Former attorney general Soli Sorabjee told the United Nations Sub-Commission on the Protection and Promotion of Human Rights on Tuesday India is experiencing a tidal wave of “corruption” in all walks of life, causing an enormous threat to the fabric of society.

During a debate at the sub-commission on corruption and its debilitating impact on the full enjoyment of human rights, Sorabjee, who works with the UN body as its expert, said corruption is rampant all over India, particularly at the lower level where nothing passed unless somebody’s palm was greased. He said corruption is institutionalised even at the higher levels because of the failure on the part of the State and the courts to enforce stringent anti-corruption laws.

Sorabjee said trails involving corrupt officials took long time to be decided, arguing that even when they are jailed a corrupt official repeated his corruption within the jail.

Corruption universal

In her report, a sub-commission expert and Special Rapporteur Christy Ezim-Mbonu said she established the universality of corruption because the phenomenon is present almost everywhere, irrespective of the country and the level of development or its ideological leanings.

She said corruption is a “cancer” that is destroying the vials of society, and thereby, denying the fundamental human rights.

In the reports, the special rapporteur had variously discussed corruption in the judiciary, among law enforcement agents, in political parties, among parliamentarians, in the private sector and in procurement procedures.

Although many countries joined the UN convention against corruption, only France ratified the instrument.

She said if countries don’t tackle this universal problem, people are bound to face large-scale violation of basic human rights, particularly economic, social, and cultural rights.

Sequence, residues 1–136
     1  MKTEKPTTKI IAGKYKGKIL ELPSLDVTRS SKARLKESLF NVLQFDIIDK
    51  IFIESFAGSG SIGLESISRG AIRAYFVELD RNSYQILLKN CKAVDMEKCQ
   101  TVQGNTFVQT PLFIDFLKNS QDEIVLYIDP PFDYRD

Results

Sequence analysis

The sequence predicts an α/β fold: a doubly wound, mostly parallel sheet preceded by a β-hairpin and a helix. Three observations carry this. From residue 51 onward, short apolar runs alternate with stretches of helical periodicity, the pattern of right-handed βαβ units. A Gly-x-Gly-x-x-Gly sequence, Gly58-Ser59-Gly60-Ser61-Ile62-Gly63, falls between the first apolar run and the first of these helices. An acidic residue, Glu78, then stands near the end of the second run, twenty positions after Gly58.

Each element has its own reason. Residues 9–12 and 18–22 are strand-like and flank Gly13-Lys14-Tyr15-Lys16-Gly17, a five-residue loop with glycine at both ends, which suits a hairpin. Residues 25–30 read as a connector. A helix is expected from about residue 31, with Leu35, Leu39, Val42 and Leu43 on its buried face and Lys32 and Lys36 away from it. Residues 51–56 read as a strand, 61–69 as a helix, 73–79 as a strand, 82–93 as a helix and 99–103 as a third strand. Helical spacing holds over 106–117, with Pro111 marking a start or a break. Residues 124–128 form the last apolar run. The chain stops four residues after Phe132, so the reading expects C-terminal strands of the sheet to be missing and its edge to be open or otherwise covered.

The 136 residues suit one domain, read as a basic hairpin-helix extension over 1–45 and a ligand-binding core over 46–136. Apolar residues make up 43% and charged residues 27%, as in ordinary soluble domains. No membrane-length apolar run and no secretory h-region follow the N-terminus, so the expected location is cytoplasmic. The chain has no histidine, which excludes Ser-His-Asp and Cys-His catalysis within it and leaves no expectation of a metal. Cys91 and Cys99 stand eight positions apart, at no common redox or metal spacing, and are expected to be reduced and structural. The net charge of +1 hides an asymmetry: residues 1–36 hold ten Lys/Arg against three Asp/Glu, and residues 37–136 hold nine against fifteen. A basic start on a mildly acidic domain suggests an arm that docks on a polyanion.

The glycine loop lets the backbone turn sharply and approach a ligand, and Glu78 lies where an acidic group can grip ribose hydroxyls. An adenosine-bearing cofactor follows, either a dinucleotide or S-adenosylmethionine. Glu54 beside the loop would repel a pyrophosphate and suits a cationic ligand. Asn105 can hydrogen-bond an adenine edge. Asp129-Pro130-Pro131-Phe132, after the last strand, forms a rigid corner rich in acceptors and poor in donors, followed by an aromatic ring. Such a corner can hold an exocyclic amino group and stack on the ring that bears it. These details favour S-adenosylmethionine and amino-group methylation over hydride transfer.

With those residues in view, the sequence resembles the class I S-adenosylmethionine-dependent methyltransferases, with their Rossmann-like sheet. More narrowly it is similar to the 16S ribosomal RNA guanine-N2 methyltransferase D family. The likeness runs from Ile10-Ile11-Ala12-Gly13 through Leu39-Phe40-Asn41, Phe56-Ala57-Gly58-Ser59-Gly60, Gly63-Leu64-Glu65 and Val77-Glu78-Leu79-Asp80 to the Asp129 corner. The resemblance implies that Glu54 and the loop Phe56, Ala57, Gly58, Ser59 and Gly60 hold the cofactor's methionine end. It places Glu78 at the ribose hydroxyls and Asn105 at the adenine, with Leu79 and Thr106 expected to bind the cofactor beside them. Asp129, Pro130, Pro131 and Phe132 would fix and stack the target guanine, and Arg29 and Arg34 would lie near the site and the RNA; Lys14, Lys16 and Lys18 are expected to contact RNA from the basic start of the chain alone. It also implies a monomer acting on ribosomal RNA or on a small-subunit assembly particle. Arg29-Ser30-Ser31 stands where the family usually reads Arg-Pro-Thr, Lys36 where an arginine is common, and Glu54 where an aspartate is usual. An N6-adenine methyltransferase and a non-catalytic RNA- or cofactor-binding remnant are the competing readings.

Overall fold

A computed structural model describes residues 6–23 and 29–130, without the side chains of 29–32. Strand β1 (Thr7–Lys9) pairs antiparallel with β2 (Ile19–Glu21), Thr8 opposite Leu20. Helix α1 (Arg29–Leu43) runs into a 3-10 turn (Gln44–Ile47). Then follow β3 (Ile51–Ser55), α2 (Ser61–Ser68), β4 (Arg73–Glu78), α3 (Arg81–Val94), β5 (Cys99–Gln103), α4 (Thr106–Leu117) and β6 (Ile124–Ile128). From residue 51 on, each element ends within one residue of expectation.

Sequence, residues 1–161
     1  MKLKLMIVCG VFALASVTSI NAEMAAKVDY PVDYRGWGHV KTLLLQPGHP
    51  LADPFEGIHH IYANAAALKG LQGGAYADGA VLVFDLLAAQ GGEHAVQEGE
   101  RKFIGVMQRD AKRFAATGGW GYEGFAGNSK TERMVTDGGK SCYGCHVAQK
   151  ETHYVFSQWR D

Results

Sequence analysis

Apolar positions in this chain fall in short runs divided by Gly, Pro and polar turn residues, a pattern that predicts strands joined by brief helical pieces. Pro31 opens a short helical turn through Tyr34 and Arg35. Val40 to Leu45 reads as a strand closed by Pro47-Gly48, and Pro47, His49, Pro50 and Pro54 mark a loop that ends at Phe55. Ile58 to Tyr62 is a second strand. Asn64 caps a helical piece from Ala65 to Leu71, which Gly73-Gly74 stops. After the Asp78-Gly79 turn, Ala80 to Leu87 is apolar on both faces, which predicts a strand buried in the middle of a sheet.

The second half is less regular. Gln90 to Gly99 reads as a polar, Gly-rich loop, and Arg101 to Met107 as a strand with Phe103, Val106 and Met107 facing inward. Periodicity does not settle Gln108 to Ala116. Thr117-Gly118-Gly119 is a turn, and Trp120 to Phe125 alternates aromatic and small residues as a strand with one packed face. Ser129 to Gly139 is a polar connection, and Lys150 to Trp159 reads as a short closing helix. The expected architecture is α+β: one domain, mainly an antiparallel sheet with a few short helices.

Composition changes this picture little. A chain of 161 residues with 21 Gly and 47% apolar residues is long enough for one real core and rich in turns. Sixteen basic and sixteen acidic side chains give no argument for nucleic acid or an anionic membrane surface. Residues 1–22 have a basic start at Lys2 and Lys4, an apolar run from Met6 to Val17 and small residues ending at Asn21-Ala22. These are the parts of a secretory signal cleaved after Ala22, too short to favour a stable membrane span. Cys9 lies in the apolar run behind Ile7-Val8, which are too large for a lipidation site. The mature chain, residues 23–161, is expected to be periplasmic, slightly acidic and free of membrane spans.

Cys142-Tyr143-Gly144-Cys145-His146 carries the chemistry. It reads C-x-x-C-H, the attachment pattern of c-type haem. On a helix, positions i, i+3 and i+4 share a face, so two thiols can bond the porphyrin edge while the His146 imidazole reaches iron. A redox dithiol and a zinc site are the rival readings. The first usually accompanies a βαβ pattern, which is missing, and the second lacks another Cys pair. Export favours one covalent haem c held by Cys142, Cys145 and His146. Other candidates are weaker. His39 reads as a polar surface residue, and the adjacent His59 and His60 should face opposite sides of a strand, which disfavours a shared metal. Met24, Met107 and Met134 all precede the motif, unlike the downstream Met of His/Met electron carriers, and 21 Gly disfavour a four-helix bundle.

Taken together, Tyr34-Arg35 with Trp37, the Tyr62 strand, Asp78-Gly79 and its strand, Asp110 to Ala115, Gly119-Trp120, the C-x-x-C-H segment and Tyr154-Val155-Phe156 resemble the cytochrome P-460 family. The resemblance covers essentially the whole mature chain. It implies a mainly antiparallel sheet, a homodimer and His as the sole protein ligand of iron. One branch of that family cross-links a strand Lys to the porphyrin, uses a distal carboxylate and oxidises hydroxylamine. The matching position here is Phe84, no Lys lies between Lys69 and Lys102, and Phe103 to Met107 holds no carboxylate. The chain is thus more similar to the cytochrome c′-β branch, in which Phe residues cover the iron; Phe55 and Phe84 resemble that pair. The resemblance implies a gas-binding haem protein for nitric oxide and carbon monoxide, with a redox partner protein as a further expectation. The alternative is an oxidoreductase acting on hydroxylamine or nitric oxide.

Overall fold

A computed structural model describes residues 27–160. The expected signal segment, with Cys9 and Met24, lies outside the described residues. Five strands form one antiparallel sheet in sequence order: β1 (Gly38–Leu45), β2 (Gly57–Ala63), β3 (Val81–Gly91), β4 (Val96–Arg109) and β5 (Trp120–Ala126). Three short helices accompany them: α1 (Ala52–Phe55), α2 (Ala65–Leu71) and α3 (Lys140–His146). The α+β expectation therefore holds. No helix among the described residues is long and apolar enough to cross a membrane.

Sorabjee concurred with the special rapporteur’s report arguing that the only way to mitigate the problem is to freeze the assets of corrupt officials, a step that required resolute political will.

Political will

Unfortunately, no political party in India is prepared to include such serious measures in their political agenda.

He said a corrupt official not only increases his or her bank balance, but is a violator of human rights.

A society must learn to ostracise corrupt of officials, said Sorabjee.

Former Pakistan’s foreign minister Abdul Sattar, who also serves the sub-commission as an expert, also lamented corruption.

He said it spread rapidly and there is no immediate treatment to tackle this problem.

Developing nations

Mr Sattar said developing countries which were victims of the disease were too often dominated by elites who were often already corrupt.

Sattar said while some countries applied technology to identifying terrorists, most of them did not use such methods for identifying and impeding the transfer of funds derived from corruption.

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CJI faces dissent over promotion of HC judge

Posted by rtiact2005 on August 11, 2006

CJI faces dissent over promotion of HC judge
Manoj Mitta
[ 10 Aug, 2006 0025hrs ISTTIMES NEWS NETWORK ]

http://timesofindia.indiatimes.com/articleshow/1879292.cms

NEW DELHI: If PM Manmohan Singh was embroiled in the file notings controversy, Chief Justice of India Y K Sabharwal is not without his share of problems with the Right to Information Act.

At three consecutive meetings of the Supreme Court collegium held to select high court chief justices, Justice Sabharwal faced dissent triggered by an RTI application related to a complaint of “misconduct” against acting chief justice of the Delhi High Court, Vijender Jain.

It all began three months ago when Justice Sabharwal proposed to the collegium, comprising himself and the two senior-most judges of the Supreme Court, that Justice Jain be promoted as chief justice of the Bombay High Court.

But Justice Sabharwal was forced to change his proposal for the Bombay High Court as one of the collegium members questioned his candidate’s credentials citing a report in The Times of India, which disclosed in April that the RTI regulator, Central Information Commission, had sought information from the Supreme Court registry on the complaint against Justice Jain.